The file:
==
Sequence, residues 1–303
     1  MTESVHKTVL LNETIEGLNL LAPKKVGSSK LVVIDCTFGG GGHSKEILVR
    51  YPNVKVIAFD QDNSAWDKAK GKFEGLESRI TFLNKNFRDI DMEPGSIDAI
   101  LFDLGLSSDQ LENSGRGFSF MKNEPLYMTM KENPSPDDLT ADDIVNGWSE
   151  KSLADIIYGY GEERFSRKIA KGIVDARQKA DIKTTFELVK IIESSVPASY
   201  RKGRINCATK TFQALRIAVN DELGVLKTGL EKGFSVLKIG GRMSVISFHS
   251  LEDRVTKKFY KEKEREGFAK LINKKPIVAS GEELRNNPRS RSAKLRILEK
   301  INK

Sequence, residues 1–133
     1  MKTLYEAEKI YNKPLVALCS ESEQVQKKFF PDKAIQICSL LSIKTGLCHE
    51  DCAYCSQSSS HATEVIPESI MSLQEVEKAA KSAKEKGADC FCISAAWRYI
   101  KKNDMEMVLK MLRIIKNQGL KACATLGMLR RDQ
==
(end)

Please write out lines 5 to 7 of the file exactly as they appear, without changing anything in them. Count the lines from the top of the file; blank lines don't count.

   151  KSLADIIYGY GEERFSRKIA KGIVDARQKA DIKTTFELVK IIESSVPASY
   201  RKGRINCATK TFQALRIAVN DELGVLKTGL EKGFSVLKIG GRMSVISFHS
   251  LEDRVTKKFY KEKEREGFAK LINKKPIVAS GEELRNNPRS RSAKLRILEK